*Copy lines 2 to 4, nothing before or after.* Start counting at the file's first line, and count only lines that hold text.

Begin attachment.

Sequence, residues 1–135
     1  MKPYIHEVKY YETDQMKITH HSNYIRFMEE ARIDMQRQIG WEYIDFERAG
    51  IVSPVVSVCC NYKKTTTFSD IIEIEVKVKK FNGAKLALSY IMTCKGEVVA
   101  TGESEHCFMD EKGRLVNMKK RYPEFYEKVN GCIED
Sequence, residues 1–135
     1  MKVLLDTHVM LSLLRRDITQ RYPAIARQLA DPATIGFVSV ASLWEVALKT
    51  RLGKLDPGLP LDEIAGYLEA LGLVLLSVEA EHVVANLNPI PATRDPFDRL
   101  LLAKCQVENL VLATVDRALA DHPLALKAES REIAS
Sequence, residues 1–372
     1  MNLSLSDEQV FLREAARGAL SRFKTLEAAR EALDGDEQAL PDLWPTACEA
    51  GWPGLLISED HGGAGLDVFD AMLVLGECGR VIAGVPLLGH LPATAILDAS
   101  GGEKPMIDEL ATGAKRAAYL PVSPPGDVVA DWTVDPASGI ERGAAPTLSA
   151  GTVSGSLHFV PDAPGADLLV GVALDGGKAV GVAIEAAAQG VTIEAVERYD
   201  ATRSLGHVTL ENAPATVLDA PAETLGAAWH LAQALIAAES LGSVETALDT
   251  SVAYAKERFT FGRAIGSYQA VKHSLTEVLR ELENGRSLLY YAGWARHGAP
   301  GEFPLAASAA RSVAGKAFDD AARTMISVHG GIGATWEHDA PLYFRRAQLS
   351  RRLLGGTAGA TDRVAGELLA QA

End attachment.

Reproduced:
     1  MKPYIHEVKY YETDQMKITH HSNYIRFMEE ARIDMQRQIG WEYIDFERAG
    51  IVSPVVSVCC NYKKTTTFSD IIEIEVKVKK FNGAKLALSY IMTCKGEVVA
   101  TGESEHCFMD EKGRLVNMKK RYPEFYEKVN GCIED